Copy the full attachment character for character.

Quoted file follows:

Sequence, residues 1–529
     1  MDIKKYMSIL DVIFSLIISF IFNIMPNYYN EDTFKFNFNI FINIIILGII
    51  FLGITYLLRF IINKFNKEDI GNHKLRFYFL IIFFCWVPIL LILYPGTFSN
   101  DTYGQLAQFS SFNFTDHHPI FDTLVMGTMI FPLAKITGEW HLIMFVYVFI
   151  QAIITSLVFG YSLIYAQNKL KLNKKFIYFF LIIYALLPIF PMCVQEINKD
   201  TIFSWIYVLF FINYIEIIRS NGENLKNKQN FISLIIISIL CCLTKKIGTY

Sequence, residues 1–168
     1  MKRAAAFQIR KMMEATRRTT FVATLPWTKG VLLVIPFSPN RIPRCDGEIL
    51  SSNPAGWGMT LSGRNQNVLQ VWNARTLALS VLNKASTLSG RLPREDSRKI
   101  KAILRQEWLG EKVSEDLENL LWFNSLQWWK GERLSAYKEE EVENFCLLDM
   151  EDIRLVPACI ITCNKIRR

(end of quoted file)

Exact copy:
Sequence, residues 1–529
     1  MDIKKYMSIL DVIFSLIISF IFNIMPNYYN EDTFKFNFNI FINIIILGII
    51  FLGITYLLRF IINKFNKEDI GNHKLRFYFL IIFFCWVPIL LILYPGTFSN
   101  DTYGQLAQFS SFNFTDHHPI FDTLVMGTMI FPLAKITGEW HLIMFVYVFI
   151  QAIITSLVFG YSLIYAQNKL KLNKKFIYFF LIIYALLPIF PMCVQEINKD
   201  TIFSWIYVLF FINYIEIIRS NGENLKNKQN FISLIIISIL CCLTKKIGTY

Sequence, residues 1–168
     1  MKRAAAFQIR KMMEATRRTT FVATLPWTKG VLLVIPFSPN RIPRCDGEIL
    51  SSNPAGWGMT LSGRNQNVLQ VWNARTLALS VLNKASTLSG RLPREDSRKI
   101  KAILRQEWLG EKVSEDLENL LWFNSLQWWK GERLSAYKEE EVENFCLLDM
   151  EDIRLVPACI ITCNKIRR